Posted on 29 July 2022
29 July, Kathmandu, Nepal
- Nepal has more than doubled the number of wild tigers to 355 individuals according to the results of the National Tiger and Prey Survey released today.
- The historic over 190 per cent increase since 2009 is a result of the protection of key tiger habitats and corridors, partnership with local communities and cracking down on illegal wildlife trade.
- Tiger range countries are meeting next month to begin discussions on the next 12-year commitments for tiger conservation under the Global Tiger Recovery Program.
- WWF is today delighted to congratulate Nepal for successfully doubling its tiger population to an estimate of 355 individuals - an increase of more than 190 per cent since 2009. These results were announced by Prime Minister Sher Bahadur Deuba and follow the culmination of Nepal's National Tiger and Prey Survey 2022. The survey highlights the importance of maintaining and rigorously protecting core habitats, partnering with communities to ensure long-term conservation success and expanding conservation interventions to include corridors and habitats beyond extant Protected Areas.
An extensive effort covering 18,928 sq. km - over 12 per cent of the country - and 16,811 days of field staff time was invested to complete the survey. The results bring both great hope and reassurance about the tigers’ long-term future in Nepal.
The target to double wild tigers, also known as TX2, was set by governments in 2010 at the St.Petersburg International summit on tiger conservation. With this announcement Nepal is the first country to release updated tiger numbers during the Year of the Tiger. Tiger range countries are meeting next month to begin discussions on the next 12-year commitments for tiger conservation under the Global Tiger Recovery Program.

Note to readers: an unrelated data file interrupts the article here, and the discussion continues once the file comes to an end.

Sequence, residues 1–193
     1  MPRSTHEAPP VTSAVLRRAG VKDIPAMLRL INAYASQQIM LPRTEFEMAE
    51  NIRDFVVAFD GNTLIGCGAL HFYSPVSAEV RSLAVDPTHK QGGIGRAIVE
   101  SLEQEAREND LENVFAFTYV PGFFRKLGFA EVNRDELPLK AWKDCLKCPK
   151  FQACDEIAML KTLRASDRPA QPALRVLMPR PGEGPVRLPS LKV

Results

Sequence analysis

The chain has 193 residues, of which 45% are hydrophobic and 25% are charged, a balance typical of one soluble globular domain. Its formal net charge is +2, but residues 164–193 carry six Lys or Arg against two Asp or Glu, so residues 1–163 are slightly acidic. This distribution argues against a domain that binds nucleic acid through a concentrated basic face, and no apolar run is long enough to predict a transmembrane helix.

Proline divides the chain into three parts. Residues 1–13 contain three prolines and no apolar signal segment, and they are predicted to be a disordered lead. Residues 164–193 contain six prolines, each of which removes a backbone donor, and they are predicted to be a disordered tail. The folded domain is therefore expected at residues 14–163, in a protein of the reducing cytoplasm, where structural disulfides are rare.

WWF-Nepal was an implementing partner in the survey which was led by the Department of National Park and Wildlife Conservation with support also from other conservation organisations (National Trust for Nature Conservation and ZSL Nepal). WWF-Nepal was involved from survey design to data analysis via both technical and financial support to the Government.
While the future of Nepal’s tigers across vast landscapes has always been a challenge in the face of various threats, the latest estimate indicates the relevance of the conservation measures that have been implemented by the Government, WWF and other organisations working in the sector.
Ghana S. Gurung
, Country Director, WWF-Nepal, said, “This conservation win is a result of political will and concerted efforts of local communities, youths, enforcement agencies, and conservation partners under the leadership of Government of Nepal.”
, Tigers Alive Initiative Leader, WWF said “The doubling of Nepal’s tiger population is an extraordinary achievement and is the result of sustained conservation effort over many years. Nepal has demonstrated the highest conservation standards in reaching this historic milestone. There is clearly much to learn from Nepal's tiger population recovery over the last 12 years.”
NOTES TO EDITOR
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Why tigers matter
As the world’s largest cat and an apex predator, tigers play a significant role in the structure and function of the ecosystem on which both humans and wildlife rely. They are a “landscape” species, needing large areas with diverse habitats, free from human disturbance and rich in prey. Success or failure means more than securing the future of a single iconic species – it sets a precedent for how we will consider and prioritise the health of nature in global development and in a changing climate going forward. For more information see: tigers.panda.org
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